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Direct Effect Media/Illumina

Malaria Rapid Tests Remain Positive after Drug Treatment

By Labmedica International staff writers
Posted on 24 Jun 2018
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Image: Rapid diagnostic tests for malaria (Photo courtesy of the Mashhad University of Medical Sciences).
Image: Rapid diagnostic tests for malaria (Photo courtesy of the Mashhad University of Medical Sciences).
Rapid diagnostic tests (RDTs) are increasingly becoming a paradigm for both clinical diagnosis of malaria infections and for estimating community parasite prevalence in household malaria indicator surveys in malaria-endemic countries.

The antigens detected by RDTs are known to persist in the blood after treatment with anti-malarial drugs, but reports on the duration of persistence and the effect this has on RDT positivity of these antigens post-treatment have been variable.

Scientists at the University of Oxford (Oxford, UK) reviewed systematically publications on the persistence of antigenaemia and positivity of RDTs after treatment was conducted using the search term “antigen persist RDT”. The Google Scholar search yielded more than 4,100 results, sorted by relevance. The proportion of individuals who still tested positive via RDT was extracted for each day of follow-up and analyzed as a time series.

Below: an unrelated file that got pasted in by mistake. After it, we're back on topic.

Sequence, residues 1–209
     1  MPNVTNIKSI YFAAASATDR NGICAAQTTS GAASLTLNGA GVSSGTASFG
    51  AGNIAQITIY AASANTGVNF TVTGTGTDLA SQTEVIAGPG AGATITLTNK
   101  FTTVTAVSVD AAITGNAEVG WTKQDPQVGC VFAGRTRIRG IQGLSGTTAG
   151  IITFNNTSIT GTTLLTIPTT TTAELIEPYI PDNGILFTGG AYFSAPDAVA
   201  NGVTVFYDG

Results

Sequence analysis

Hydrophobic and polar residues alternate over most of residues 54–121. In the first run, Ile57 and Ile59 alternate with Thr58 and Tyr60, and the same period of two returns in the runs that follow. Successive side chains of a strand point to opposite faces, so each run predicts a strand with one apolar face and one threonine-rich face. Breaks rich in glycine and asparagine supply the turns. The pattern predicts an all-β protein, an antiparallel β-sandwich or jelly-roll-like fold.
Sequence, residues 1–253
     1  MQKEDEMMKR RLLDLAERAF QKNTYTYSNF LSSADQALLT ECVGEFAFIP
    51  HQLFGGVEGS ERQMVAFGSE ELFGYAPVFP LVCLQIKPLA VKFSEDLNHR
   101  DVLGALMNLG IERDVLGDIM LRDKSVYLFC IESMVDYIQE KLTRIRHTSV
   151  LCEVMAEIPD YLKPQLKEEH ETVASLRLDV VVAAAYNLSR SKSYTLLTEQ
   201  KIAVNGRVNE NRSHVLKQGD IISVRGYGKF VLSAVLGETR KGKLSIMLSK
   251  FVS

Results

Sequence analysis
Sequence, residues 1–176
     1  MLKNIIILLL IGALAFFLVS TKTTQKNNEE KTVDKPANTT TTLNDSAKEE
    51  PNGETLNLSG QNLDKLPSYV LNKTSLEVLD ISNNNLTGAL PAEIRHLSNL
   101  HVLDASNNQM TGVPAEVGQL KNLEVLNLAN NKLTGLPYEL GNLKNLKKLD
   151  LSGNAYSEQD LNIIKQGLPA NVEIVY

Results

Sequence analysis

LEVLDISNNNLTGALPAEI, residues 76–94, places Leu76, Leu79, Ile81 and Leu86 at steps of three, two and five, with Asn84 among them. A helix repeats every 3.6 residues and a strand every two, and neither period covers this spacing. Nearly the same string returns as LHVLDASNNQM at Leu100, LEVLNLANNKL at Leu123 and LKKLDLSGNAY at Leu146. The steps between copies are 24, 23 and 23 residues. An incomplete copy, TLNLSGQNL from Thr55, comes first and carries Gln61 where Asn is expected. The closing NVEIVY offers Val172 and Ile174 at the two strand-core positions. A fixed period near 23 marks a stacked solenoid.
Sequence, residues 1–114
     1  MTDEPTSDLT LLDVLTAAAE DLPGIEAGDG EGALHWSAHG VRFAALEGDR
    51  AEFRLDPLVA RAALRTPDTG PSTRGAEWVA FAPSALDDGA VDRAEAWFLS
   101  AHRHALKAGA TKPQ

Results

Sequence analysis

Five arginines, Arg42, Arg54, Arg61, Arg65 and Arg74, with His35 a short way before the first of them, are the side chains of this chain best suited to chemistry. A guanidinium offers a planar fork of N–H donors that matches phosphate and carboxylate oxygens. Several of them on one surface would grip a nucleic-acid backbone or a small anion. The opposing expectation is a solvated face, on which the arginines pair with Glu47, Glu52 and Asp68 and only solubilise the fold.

The team found that half of RDTs that detect the antigen histidine-rich protein II (HRP2) are still positive 15 (5–32) days post-treatment, 13 days longer than RDTs that detect the antigen Plasmodium lactate dehydrogenase, and that 5% of HRP2 RDTs are still positive 36 (21–61) days after treatment. The duration of persistent positivity for combination RDTs that detect both antigens falls between that for HRP2- or pLDH-only RDTs, with half of RDTs remaining positive at 7 (2–20) days post-treatment. The study showed that children display persistent RDT positivity for longer after treatment than adults, and that persistent positivity is more common when an individual is treated with artemisinin combination therapy than when treated with other anti-malarial drugs.

The authors concluded that RDTs remain positive for a highly variable amount of time after treatment with anti-malarial drugs, and the duration of positivity is highly dependent on the type of RDT used for diagnosis. Additionally, age and treatment both impact the duration of persistence of RDT positivity. The results suggest that caution should be taken when using RDT-derived diagnostic outcomes from cross-sectional data where individuals have had a recent history of anti-malarial treatment. The study was published on June 8, 2018, in the Malaria Journal.

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